Young trees or old trees-which is more important for slowing climate change

In 2007, Richard Branson gave a chance to win 25 million dollars to anyone who would have invented a machine that can store carbon dioxide. Andy Kerr, an environmentalist, sent him a picture of a tree. According to the UN’s Intergovernmental Panel on Climate Change (IPCC), we have only 20 years to lower down the level of global warming. Researchers are finding out ways to mitigate climate change.

For the above-mentioned reasons, one can realize the importance of forests. If a forest is a family, then the tree is a member. We thrive on oxygen by taking out carbon dioxide, and a tree grows by using this gas and storing it in leaves, branches, roots & every other part. A tree grows faster if there is more carbon dioxide in the atmosphere.

Tropical rainforests are known as carbon sinks because they sequester tons of carbon dioxide helping to regulate the climate. Eventually, a tree grows old and the timber company cut it down & uses it to make paper, plywoods, so ultimately the carbon comes back to the atmosphere and new saplings are seeded and this thing will go on & on.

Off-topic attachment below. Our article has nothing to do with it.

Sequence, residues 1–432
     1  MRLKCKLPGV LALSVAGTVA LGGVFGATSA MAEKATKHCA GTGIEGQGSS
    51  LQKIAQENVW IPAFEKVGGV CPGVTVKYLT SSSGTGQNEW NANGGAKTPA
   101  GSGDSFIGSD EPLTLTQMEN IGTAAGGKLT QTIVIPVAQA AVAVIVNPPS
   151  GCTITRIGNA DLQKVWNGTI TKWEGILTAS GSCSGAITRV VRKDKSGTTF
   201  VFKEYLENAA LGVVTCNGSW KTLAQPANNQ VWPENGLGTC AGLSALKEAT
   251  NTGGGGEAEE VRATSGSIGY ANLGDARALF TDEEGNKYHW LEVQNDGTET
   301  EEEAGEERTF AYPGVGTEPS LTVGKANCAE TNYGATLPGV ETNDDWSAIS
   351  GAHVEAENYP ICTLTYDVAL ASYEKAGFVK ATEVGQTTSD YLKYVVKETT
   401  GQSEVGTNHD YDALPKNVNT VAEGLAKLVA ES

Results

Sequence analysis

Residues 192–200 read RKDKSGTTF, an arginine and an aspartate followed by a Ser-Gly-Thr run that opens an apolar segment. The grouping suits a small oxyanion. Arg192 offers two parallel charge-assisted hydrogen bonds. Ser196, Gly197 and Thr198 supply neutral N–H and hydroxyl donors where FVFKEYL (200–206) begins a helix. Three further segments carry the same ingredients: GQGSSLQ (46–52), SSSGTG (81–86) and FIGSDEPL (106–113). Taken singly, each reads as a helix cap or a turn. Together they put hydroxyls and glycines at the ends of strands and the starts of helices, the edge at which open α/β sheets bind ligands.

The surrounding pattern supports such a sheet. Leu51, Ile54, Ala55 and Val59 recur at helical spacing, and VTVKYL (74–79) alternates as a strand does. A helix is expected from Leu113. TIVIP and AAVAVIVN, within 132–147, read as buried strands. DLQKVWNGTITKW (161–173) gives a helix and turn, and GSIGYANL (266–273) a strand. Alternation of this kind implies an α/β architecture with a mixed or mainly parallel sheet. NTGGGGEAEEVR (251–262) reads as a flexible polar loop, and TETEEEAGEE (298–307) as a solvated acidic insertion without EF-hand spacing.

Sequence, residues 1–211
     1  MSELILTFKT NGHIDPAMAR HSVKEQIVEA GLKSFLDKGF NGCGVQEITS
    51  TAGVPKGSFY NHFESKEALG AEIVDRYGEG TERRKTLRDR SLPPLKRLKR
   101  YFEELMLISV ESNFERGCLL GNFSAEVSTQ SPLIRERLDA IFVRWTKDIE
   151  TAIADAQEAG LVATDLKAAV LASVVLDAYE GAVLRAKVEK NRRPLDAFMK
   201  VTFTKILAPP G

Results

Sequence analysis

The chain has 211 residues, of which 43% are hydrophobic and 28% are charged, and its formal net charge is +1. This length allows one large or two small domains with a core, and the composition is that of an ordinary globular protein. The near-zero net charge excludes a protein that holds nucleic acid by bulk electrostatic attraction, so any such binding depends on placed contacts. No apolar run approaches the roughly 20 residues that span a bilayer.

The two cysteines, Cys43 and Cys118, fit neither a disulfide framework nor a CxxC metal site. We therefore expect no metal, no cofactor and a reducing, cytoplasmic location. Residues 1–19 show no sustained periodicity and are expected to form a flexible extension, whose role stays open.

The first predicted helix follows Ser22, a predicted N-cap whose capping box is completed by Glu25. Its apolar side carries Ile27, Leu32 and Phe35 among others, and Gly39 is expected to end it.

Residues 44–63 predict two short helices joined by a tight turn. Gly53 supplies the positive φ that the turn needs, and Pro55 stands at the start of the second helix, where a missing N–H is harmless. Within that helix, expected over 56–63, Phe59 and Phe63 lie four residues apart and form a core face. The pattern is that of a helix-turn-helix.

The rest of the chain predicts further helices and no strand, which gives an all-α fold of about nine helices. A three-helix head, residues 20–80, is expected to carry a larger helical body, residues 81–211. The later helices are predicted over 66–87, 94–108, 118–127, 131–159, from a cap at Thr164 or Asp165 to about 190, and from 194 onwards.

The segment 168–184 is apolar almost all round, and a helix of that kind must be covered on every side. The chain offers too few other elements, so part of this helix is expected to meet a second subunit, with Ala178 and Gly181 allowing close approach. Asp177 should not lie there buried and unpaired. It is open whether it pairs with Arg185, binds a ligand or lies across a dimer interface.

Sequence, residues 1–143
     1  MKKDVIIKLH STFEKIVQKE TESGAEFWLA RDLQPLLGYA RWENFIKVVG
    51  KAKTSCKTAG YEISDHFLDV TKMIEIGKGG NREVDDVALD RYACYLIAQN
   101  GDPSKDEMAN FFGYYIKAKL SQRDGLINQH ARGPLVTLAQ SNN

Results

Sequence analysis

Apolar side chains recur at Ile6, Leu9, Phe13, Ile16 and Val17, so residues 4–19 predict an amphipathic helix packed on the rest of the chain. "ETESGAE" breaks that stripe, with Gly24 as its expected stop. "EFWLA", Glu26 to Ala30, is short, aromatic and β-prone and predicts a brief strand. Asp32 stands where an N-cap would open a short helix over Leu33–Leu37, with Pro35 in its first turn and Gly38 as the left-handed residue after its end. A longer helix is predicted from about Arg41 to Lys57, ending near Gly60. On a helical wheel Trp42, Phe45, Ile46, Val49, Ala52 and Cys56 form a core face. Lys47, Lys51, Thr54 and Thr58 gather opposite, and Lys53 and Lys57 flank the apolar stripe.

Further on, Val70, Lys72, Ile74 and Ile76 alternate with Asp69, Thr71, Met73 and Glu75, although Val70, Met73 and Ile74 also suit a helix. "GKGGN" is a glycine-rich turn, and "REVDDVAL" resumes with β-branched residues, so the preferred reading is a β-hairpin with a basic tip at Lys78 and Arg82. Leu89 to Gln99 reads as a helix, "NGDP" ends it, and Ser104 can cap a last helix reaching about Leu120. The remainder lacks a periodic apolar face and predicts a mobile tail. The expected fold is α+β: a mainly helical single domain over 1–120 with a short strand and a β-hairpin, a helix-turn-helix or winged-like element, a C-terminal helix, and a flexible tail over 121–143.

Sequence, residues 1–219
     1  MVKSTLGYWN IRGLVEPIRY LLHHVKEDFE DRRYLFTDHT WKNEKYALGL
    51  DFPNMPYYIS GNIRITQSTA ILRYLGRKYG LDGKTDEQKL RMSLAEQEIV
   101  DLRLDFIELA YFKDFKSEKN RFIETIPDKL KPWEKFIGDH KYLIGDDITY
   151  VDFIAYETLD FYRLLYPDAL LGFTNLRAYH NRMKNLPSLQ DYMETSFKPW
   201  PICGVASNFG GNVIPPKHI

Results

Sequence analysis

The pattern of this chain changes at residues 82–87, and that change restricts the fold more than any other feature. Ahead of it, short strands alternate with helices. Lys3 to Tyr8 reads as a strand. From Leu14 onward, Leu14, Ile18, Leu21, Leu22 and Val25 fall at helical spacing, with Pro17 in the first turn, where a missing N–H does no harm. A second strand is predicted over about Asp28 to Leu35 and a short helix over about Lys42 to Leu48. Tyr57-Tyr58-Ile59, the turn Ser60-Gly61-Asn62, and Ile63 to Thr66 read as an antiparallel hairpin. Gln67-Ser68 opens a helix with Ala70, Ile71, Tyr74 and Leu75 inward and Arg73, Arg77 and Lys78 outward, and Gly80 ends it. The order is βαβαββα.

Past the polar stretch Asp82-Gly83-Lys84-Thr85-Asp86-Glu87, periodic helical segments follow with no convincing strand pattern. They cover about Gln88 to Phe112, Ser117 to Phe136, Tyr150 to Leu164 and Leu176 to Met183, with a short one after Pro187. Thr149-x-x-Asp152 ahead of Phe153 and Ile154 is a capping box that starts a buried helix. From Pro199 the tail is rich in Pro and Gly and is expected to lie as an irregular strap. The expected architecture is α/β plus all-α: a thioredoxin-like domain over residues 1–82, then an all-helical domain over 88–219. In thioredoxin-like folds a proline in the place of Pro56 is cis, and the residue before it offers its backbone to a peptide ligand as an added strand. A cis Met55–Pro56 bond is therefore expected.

According to Jean Francois Basting, the leader of the International Research Team found out that by planting around trillion trees, 205 gigatons of carbon can be sucked out of the atmosphere and our ecosystem is ready for it, which would be enough for the next twenty years.

If we compare the rate of sequestering carbon, then a younger tree store is more efficient in storing carbon when compared to an older tree. It depends also on a number of facts which include more space, sunlight and an increment in the no. of species.

Eventually, a tree grows old and just like the other person in their 80s; and they become more prone to death either by natural calamities or by human activities. When it happens, then the carbon stored in that tree ultimately enters into the atmosphere again which is then taken up by the younger tree and the cycle keeps going.


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